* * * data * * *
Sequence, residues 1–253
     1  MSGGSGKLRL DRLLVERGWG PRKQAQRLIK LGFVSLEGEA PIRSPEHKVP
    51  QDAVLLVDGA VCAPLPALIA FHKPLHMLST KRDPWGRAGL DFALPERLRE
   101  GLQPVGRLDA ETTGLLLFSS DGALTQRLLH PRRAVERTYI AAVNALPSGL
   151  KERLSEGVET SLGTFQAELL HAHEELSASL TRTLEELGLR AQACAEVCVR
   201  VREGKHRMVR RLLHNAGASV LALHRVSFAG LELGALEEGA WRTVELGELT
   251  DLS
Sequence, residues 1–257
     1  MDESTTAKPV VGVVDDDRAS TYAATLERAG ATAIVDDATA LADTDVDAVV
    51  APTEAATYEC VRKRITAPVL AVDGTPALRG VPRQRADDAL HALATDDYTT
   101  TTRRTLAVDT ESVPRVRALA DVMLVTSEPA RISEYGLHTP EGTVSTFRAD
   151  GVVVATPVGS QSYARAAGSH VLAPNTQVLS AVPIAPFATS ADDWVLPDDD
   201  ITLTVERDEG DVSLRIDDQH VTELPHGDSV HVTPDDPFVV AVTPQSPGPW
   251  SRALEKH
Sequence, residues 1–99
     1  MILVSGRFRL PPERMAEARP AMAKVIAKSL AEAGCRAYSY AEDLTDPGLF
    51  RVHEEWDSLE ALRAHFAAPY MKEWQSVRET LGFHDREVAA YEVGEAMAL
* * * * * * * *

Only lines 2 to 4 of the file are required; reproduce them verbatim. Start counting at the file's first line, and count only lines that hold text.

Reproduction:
     1  MSGGSGKLRL DRLLVERGWG PRKQAQRLIK LGFVSLEGEA PIRSPEHKVP
    51  QDAVLLVDGA VCAPLPALIA FHKPLHMLST KRDPWGRAGL DFALPERLRE
   101  GLQPVGRLDA ETTGLLLFSS DGALTQRLLH PRRAVERTYI AAVNALPSGL